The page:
For anyone interested, a very basic per-user (more specifically, per authenticated user, which is the only kind of user I've got outside of web apps submitting w/php) setup ended up being fairly easy to implement.  The config is all sql-based, I'd be more than happy to share a dump of the config I ended up with.  I have some doubts about how well it scales, and I've also added another single point of failure to all inbound and outbound email, but it does what it says it does.

The policy I setup basically matches all sasl-authenticated users and puts them in a queue that limits them to 100 messages per hour.  That's my starting point, I'll probably adjust it at some point.  For web applications, I'm going to install ssmtp and configure that to send with a dedicated username which will have its own limits.

Thanks,

Charles

> Len
>
>
>
>
>
>
>

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Re: BCP on throttling outbound mail

mouss-4
In reply to this post by Stan Hoeppner
Le 24/07/2012 08:37, Stan Hoeppner a écrit :

> On 7/24/2012 12:44 AM, CSS wrote:
>>
>> On Jul 24, 2012, at 1:24 AM, Stan Hoeppner wrote:
>>
>>> On 7/23/2012 4:16 PM, CSS wrote:
>>>
>>>> I'd like to take some measures to limit what an authenticated sender can do but not limit legitimate use.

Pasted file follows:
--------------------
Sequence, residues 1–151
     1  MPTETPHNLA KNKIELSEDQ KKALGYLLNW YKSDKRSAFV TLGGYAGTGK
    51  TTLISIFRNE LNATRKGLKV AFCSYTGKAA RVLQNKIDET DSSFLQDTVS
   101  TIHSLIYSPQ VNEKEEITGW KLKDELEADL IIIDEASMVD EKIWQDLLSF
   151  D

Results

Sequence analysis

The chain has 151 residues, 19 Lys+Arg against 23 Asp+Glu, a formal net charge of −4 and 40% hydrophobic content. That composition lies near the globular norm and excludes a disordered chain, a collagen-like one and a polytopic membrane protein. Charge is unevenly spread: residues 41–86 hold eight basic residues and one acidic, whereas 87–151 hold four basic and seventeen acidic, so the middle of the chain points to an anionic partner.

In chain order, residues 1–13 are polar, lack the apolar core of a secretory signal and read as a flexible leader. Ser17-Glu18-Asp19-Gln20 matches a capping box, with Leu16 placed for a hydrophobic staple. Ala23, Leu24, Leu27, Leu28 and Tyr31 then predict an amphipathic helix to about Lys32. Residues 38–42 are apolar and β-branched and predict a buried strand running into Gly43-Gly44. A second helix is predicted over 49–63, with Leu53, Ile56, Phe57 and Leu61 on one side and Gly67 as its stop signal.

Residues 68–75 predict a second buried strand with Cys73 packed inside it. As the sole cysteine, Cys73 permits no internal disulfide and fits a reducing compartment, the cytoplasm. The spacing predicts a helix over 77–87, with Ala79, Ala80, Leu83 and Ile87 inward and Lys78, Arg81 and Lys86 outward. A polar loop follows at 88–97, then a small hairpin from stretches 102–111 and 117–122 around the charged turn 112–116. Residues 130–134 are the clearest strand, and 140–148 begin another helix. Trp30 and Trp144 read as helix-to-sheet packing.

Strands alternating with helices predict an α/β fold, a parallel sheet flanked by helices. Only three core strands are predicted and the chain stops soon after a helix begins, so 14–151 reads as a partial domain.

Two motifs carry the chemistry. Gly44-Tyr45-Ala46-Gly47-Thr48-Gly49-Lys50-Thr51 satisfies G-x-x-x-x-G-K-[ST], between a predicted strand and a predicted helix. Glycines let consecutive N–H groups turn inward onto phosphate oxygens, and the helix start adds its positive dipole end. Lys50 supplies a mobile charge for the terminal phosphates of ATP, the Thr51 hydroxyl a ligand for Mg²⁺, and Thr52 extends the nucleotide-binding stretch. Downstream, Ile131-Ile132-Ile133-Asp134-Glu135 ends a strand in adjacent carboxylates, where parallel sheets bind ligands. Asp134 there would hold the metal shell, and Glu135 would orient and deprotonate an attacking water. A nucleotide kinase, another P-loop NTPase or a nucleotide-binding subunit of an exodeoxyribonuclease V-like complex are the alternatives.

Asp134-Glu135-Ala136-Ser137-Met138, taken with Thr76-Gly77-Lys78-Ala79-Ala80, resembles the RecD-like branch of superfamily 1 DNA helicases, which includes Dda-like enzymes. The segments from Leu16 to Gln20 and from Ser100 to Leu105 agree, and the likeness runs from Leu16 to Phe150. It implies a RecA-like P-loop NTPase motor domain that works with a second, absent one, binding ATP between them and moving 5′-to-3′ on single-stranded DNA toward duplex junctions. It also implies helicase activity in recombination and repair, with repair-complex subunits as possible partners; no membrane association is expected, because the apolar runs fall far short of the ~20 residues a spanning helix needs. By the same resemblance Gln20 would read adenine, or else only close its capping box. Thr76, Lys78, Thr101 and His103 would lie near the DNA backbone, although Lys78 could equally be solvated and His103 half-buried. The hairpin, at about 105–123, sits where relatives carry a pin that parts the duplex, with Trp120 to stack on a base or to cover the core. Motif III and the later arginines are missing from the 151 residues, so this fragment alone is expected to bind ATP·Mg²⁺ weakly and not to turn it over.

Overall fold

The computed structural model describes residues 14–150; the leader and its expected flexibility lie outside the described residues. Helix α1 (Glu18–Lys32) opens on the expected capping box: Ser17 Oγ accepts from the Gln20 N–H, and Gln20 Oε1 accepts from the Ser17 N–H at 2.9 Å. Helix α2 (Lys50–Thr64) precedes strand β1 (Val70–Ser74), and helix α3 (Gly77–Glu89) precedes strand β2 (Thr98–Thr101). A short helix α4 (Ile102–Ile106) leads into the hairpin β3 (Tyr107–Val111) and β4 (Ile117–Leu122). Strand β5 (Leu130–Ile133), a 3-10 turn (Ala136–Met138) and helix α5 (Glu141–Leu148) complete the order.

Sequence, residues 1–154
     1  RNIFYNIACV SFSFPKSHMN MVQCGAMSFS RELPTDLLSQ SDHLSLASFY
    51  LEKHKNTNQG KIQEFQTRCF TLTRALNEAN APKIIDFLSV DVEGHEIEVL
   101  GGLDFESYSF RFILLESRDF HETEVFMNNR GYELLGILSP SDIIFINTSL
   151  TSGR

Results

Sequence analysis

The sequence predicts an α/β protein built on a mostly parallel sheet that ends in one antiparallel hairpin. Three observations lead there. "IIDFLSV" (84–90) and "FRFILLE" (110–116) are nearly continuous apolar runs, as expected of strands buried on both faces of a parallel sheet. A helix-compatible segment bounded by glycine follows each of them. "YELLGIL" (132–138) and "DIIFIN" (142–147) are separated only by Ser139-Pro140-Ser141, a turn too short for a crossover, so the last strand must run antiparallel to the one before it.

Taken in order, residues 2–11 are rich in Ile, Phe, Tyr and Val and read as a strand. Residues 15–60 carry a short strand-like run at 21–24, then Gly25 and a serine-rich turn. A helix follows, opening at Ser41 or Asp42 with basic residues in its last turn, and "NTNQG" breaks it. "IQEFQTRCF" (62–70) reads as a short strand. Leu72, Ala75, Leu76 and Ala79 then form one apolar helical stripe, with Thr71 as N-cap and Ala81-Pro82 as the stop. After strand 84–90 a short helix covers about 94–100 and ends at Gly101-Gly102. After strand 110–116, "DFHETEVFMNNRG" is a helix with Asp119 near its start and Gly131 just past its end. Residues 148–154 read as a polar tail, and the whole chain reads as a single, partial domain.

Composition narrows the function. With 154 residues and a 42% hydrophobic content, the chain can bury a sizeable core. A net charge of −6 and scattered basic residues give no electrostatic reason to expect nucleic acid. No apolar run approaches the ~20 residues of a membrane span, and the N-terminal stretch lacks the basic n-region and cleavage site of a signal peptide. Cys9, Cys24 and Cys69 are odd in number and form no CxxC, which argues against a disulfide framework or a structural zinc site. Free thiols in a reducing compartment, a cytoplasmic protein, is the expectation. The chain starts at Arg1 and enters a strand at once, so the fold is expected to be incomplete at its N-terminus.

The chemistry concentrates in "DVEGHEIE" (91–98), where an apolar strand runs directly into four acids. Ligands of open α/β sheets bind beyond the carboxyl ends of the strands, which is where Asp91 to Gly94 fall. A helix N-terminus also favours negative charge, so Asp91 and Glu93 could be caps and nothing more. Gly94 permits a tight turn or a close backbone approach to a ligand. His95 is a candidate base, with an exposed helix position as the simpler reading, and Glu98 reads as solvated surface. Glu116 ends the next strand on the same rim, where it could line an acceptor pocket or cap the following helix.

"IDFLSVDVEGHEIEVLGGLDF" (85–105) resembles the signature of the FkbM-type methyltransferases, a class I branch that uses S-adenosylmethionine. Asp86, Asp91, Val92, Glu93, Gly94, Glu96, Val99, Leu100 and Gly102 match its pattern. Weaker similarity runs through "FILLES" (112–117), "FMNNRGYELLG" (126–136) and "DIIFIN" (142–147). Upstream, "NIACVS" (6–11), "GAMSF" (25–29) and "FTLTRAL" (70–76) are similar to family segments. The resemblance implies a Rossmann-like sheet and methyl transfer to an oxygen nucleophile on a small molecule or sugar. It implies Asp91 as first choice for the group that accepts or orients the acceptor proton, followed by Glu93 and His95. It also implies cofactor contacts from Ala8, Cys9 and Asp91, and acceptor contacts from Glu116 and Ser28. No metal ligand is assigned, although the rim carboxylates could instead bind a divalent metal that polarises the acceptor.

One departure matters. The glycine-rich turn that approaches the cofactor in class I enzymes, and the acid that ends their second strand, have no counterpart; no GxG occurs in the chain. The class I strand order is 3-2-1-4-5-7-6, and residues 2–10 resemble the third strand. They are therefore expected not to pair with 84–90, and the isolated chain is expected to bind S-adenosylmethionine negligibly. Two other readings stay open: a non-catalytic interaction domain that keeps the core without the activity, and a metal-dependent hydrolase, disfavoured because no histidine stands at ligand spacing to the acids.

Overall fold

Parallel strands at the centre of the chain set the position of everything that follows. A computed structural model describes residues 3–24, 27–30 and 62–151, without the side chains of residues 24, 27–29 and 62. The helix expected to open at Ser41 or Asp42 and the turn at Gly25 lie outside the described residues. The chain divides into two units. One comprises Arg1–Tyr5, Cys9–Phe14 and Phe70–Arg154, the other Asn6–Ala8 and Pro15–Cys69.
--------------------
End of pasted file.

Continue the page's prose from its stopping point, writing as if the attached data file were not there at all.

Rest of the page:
>>>
>>> See:
>>> http://www.postfix.org/postconf.5.html#smtpd_client_connection_rate_limit
>>>
>>> You would apply this to your submission service, eg:
>>>
>>> 587      inet  n       -       n       -       -       smtpd
>>> -o smtpd_enforce_tls=yes
>>> -o smtpd_sasl_auth_enable=yes
>>> -o smtpd_client_connection_rate_limit=1
>>>
>>> This limits spammers and legit users to 1 msg/min, 60 msgs per hour.
>>> Postfix is not psychic.
>>>
>>> This may be a problem for roaming users who send batches of mails when
>>> they get a connection--10 msgs takes 10 minutes.  Thus, as with
>>> anything, some analysis and [re]tuning will be required.  If you trust
>>> some users to never have their acct compromised, you can always create
>>> multiple submission services on different ports and have different
>>> limits for different sets of users, or even no limits for some.
>>>
>>> Not a perfect solution, but better than what you have now.
>
>>  If I can cobble this thing together, the quota module offers things like messages per day or per hour, which is a fairly reasonable way to restrict customers.
>
> Apparently you didn't read the docs I provided.